McCord loved also loved that the script dealt with "serious" issues. Beyond the "fun" of a single dad going viral (when attention is the last thing he wants), it deals with a father moving on from loss, and a child who feels threatened that by her dad finding love (with the character Olivia, her ballet teacher), she will no longer be his focus. "I liked the way they didn't do the movie magic thing where a child is perfectly happy," she explained. "There is a real choice here about [possibly] not moving on because of [his] daughter, and him making the choice for her. It's so nice when any parent makes those decisions on behalf of their children.

"You want your child to be happy," she added. "So, a part of being the best dad would be showing your little girl why love is important. I think that the film, in its very sweet Christmas way, covers that serious issue. As humans, it's something we could be faced with. Be it moving on from divorce, a loss, or whatever. I really liked the way the film handles it, yet it keeps you guessing."

Another facet of the film that appealed to McCord was its casting. Lifetime has taken a firm stance on its diversity and representation initiative and a commitment to depicting a myriad of cultures on screen. It's something the actress is fiercely passionate about. "If you look at my friend group, there are humans who all look very different," she shared. "I have a couple of friends who look like me, then most everyone else is Korean, Japanese, African, Cambodian. I have a flutter of beautiful humans that that color my friend group. Growing up, I got to look at actors that looked like me and I dreamed that I would be like them one day. There are so many [kids] who have looked at that screen and have never seen themselves, or rarely, have seen themselves in a leading role.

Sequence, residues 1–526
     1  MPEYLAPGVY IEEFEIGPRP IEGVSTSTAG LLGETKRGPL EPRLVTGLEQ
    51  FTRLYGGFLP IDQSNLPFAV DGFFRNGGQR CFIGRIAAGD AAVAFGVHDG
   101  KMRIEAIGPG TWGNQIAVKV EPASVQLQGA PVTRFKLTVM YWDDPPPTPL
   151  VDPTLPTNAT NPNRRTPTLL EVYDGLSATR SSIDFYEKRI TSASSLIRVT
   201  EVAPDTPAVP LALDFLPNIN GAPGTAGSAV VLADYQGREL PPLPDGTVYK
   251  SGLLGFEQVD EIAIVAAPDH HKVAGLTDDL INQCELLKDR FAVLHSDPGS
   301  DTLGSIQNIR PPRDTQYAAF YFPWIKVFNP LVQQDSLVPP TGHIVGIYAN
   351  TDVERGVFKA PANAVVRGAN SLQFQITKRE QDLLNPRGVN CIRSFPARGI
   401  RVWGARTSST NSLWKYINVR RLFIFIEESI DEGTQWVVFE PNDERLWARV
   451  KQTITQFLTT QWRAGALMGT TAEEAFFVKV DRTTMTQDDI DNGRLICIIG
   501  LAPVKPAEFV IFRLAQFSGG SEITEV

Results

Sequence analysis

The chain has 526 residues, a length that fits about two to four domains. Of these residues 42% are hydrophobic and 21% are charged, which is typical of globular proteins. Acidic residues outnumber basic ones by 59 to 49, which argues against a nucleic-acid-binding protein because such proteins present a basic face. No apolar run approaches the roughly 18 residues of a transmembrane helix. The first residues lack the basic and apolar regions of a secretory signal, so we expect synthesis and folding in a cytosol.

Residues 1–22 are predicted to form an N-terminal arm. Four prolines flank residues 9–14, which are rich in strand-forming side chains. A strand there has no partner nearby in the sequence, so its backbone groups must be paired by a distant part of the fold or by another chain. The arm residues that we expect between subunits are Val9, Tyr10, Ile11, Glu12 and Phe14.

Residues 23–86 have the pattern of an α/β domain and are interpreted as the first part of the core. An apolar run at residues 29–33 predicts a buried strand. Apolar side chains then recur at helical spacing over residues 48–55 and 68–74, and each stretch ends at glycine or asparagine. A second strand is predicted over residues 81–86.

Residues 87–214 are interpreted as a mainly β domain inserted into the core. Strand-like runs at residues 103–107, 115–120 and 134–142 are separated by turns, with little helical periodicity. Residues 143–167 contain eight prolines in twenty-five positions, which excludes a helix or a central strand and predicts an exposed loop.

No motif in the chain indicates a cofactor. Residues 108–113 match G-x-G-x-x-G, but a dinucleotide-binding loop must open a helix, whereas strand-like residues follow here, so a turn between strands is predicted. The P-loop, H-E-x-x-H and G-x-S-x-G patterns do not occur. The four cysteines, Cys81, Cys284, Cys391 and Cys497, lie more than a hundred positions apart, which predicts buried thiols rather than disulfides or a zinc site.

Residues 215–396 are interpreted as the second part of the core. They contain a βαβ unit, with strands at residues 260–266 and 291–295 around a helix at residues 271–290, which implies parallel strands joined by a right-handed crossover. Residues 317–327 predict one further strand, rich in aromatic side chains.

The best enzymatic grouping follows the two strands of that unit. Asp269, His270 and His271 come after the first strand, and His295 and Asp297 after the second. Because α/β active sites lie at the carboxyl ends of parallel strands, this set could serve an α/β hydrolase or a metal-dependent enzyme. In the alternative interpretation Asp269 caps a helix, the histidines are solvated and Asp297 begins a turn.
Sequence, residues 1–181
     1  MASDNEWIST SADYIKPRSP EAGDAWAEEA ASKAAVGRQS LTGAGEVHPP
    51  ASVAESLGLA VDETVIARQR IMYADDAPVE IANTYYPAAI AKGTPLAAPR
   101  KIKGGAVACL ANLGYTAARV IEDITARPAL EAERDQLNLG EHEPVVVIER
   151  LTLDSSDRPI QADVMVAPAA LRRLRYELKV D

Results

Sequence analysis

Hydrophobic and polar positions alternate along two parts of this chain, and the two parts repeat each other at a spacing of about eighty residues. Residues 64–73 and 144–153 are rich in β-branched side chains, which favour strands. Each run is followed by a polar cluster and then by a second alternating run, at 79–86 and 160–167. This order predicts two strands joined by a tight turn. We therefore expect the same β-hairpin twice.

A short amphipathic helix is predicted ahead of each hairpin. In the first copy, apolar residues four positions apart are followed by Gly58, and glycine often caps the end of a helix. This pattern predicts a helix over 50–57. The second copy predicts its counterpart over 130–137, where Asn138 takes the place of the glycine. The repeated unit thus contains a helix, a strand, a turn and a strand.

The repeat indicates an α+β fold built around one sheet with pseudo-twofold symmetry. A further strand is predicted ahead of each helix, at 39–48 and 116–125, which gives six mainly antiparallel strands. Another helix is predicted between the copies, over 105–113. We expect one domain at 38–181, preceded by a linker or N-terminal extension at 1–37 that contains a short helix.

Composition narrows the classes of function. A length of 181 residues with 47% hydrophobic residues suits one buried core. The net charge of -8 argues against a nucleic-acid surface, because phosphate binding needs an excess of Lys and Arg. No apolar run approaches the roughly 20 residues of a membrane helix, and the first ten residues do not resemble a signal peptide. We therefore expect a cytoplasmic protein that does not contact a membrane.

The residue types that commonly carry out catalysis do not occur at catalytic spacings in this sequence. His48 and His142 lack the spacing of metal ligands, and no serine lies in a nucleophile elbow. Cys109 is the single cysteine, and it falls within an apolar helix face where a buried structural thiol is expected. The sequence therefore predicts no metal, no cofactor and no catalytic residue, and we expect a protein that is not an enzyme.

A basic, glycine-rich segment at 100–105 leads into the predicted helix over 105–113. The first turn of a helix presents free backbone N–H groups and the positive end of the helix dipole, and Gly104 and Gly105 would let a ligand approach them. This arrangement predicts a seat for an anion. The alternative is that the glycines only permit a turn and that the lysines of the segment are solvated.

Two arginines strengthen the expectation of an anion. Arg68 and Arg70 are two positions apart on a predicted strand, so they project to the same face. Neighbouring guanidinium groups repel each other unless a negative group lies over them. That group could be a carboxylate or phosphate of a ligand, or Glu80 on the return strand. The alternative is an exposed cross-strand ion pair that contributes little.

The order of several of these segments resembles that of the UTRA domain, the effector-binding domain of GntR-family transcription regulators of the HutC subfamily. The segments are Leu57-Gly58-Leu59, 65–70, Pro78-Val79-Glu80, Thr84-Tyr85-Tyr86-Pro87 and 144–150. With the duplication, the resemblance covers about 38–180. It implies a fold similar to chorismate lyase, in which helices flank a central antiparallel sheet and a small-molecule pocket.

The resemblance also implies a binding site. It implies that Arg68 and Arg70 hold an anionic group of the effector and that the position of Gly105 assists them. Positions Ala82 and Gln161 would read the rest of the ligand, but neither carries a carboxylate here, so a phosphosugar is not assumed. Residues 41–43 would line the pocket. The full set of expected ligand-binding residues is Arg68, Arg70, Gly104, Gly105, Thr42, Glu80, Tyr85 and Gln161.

"I have so much gratitude to Lifetime for going over and beyond to make a statement," she continued. "Especially with the holidays, when everyone's together and wants to see themselves reflected on that TV screen. I'm also grateful to Lifetime for going over and beyond to diversify their casting and tell real human stories, as humans, and all the different people who are living those stories. I think there's an aspect of 'honoring a culture and making sure you're not stereotyping it.’ That's a hard line to walk, and I feel they've done it really well. I hope people watching feel that way too, and I'm honored to be a part of the community Lifetime has built that's putting faces, orientation, and a belief system that looks and feels like as many people in the world as possible.

One thing for sure is this holiday season, McCord's mom will be proud. "My mom has been through a lot," she said in closing. "We kind of grew up together as she was so young when she had my sisters and me, so to be in this place in her life now, and every year get a little extra celebration with whatever Christmas film I end up doing -- that's special to me. The best movies always have beautiful little life lessons, so I look for those that aim to do that in a relevant way to what's going on in the world. I'm stoked to keep that conversation going as well."

Dancing Through the Snow is telecast Friday, November 19, 8 p.m. on Lifetime.